You are here

Review: Ibanez Iron Label RGIR28FEBK Eight-String Guitar

Review: Ibanez Iron Label RGIR28FEBK Eight-String Guitar

In recent years, eight-string guitars have enjoyed increased popularity thanks to progressive metallists like Meshuggah’s Fredrik Thordendal and Mårten Hagström, Tosin Abasi of Animals as Leaders and Periphery’s Misha Mansoor.

But eight-string guitars are a smart choice for any player who regularly tunes way down, allowing you to get massive low end without the flubby sound and weak responsiveness of detuned strings on a standard six-string.

Ibanez has long been a leader in seven- and eight-string guitars—not surprisingly, all of the above-mentioned artists play Ibanez eight-stringers.

The Iron Label RGIR28FEBK is the company’s latest eight-string creation, one that is aimed squarely at the metal market. With its 27-inch scale, thin but strong neck construction, powerhouse electronics and unerring playability, the Iron Label RGIR28FEBK is a solid addition to the company’s unmatched armory of extended-range axes.

Features

A great deal of engineering is built into the RGIR28FEBK, and most of it is focused on the neck, which has to be thin enough to accommodate typical-sized hands yet stable enough to withstand the extreme pressures of eight, fully tensioned strings. To realize this goal, the RGIR28FEBK utilizes five-piece maple/walnut construction and KTS titanium reinforcement rods.

The neck is bolted to the contoured body heel with Ibanez’s own four-bolt pattern. The familiar and popular RG-style basswood body helps the guitar remain lightweight and still create the classic, clear midrange and warm bass for which Ibanez is famous.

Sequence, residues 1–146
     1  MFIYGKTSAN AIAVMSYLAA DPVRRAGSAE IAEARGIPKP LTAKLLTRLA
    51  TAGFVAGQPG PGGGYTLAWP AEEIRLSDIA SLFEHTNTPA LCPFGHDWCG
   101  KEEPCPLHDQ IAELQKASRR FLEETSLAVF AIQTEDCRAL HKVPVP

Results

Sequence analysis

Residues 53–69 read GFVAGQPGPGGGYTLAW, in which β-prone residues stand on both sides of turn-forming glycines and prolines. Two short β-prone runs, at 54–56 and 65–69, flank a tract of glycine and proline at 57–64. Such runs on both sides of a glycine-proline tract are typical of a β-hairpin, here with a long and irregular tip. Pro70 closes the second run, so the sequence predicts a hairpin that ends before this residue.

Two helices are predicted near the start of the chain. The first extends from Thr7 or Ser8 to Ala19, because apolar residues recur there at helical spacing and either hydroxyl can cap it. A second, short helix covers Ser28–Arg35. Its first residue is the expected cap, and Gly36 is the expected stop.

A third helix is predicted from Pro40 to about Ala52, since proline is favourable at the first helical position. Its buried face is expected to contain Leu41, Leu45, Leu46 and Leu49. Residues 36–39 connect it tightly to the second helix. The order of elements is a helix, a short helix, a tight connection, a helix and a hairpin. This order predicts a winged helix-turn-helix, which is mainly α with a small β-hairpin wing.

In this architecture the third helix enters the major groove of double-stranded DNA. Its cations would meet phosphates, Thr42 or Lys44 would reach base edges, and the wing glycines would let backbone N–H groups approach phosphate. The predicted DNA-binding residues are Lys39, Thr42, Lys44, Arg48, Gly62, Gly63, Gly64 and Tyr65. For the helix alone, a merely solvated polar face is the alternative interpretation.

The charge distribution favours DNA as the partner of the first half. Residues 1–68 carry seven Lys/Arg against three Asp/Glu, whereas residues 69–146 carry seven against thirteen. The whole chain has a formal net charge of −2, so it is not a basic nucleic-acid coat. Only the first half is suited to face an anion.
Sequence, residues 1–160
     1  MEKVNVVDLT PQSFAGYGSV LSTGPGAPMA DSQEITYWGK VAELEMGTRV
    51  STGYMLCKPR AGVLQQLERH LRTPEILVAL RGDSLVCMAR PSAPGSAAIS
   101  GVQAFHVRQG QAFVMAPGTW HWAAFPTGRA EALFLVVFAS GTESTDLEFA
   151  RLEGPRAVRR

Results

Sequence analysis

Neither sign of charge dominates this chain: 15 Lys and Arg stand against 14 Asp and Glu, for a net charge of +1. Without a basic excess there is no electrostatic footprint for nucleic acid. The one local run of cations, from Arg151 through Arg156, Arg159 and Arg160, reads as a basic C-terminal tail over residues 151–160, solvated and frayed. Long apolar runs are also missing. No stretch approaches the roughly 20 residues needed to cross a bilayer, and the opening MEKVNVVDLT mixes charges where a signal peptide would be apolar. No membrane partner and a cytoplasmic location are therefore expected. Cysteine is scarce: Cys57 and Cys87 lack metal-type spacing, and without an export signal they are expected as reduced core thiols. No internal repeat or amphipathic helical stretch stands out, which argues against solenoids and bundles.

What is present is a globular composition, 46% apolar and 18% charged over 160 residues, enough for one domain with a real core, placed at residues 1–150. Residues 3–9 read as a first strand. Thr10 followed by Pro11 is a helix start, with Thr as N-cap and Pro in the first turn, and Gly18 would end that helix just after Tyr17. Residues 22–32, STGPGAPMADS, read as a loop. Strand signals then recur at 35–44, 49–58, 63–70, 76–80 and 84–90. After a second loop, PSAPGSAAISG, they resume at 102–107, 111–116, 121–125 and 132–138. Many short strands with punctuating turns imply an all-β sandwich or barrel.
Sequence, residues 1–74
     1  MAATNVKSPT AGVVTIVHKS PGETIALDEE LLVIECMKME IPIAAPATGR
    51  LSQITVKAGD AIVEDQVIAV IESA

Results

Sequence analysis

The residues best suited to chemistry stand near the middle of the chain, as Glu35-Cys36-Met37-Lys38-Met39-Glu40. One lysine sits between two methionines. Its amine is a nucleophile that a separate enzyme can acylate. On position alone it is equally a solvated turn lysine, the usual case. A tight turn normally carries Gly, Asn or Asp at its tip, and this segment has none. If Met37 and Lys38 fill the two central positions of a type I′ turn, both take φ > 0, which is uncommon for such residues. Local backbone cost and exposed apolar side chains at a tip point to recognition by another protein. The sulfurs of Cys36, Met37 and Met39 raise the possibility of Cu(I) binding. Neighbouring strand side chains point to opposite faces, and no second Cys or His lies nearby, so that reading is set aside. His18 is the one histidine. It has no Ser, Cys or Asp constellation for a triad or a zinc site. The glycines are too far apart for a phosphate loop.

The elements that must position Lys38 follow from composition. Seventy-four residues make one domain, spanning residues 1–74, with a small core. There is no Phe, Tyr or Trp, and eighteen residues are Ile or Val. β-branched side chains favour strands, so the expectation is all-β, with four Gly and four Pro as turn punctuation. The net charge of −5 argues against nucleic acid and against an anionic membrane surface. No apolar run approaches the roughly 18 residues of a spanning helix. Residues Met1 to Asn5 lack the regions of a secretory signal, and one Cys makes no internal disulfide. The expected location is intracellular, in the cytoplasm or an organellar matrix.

Ibanez wisely chose a set of specially wired active EMG 808 pickups to deliver the RGIR28FEBK’s ripping tones. They’re connected to a single volume pot (sans tone control), a three-way selector switch and a kill switch (an easy-access battery door is located on the guitar’s backside). The lack of a tone control equates to better resolution of high-end details, and the kill switch is useful both for strobe effects and stopping the guitar’s Richter scale–registering resonance from reaching the amp during inopportune moments.

Performance

I’m certainly not a seasoned eight-string player, nor do I have big hands, so I was pleasantly surprised by how quickly I adapted to the RGIR28FEBK’s neck. It was extremely comfortable, with low and even action, jumbo frets and a beautifully sculpted profile.

As for tone, the sheer mass of the neck, combined with the basswood and EMG 808s, gave the guitar incredible sustain and notable depth in all registers. When connected to my Mesa Mark V’s high-gain channels, the active pickups’ purpose-tuned preamps illuminated layers of overtones while maintaining ideal string-to-string balance. Although I know that most players will use the RGIR28FEBK as a metal tool, which is exactly what Ibanez intended, it’s equally capable of creating, rich, piano-like clean tones through the neck pickup.

List Price $1,239.99

Manufacturer Ibanez, ibanez.com

The RGIR28FEBK’s relatively thin neck is stable without being rigid, thanks to five-piece maple/walnut construction and KTS titanium stabilizing rods.

Active EMG 808 pickups, wired without a treble-robbing tone pot, deliver a cornucopia of harmonic nuance, sustain and aggressive attack.

The Bottom Line

Whether you’re a technically gifted freak, a bottom-crazed industrial metalist or a guitarist just looking to expand your tonal horizons, Ibanez’s Iron Label RGIR28FEBK may be the perfect weapon to conquer your musical foes.



"Billy Jean" Gets the Percussive Fingerstyle Treatment